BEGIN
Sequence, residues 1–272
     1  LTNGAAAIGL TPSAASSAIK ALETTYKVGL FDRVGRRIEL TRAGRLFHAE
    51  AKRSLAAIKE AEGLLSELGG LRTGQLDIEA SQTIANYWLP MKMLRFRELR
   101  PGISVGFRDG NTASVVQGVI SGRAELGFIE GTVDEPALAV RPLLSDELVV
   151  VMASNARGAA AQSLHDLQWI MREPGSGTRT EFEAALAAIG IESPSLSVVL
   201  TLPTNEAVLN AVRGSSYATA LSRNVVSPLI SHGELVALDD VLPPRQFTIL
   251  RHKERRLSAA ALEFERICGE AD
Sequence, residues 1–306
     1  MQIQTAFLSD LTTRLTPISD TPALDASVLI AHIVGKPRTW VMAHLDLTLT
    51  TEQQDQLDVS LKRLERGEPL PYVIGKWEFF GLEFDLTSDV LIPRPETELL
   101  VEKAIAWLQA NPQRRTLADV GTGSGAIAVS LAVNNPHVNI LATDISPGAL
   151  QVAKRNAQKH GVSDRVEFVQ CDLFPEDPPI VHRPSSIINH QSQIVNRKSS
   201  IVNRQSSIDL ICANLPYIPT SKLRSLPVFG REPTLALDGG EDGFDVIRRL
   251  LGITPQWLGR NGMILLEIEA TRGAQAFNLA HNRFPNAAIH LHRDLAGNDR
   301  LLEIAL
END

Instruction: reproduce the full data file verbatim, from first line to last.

Sequence, residues 1–272
     1  LTNGAAAIGL TPSAASSAIK ALETTYKVGL FDRVGRRIEL TRAGRLFHAE
    51  AKRSLAAIKE AEGLLSELGG LRTGQLDIEA SQTIANYWLP MKMLRFRELR
   101  PGISVGFRDG NTASVVQGVI SGRAELGFIE GTVDEPALAV RPLLSDELVV
   151  VMASNARGAA AQSLHDLQWI MREPGSGTRT EFEAALAAIG IESPSLSVVL
   201  TLPTNEAVLN AVRGSSYATA LSRNVVSPLI SHGELVALDD VLPPRQFTIL
   251  RHKERRLSAA ALEFERICGE AD
Sequence, residues 1–306
     1  MQIQTAFLSD LTTRLTPISD TPALDASVLI AHIVGKPRTW VMAHLDLTLT
    51  TEQQDQLDVS LKRLERGEPL PYVIGKWEFF GLEFDLTSDV LIPRPETELL
   101  VEKAIAWLQA NPQRRTLADV GTGSGAIAVS LAVNNPHVNI LATDISPGAL
   151  QVAKRNAQKH GVSDRVEFVQ CDLFPEDPPI VHRPSSIINH QSQIVNRKSS
   201  IVNRQSSIDL ICANLPYIPT SKLRSLPVFG REPTLALDGG EDGFDVIRRL
   251  LGITPQWLGR NGMILLEIEA TRGAQAFNLA HNRFPNAAIH LHRDLAGNDR
   301  LLEIAL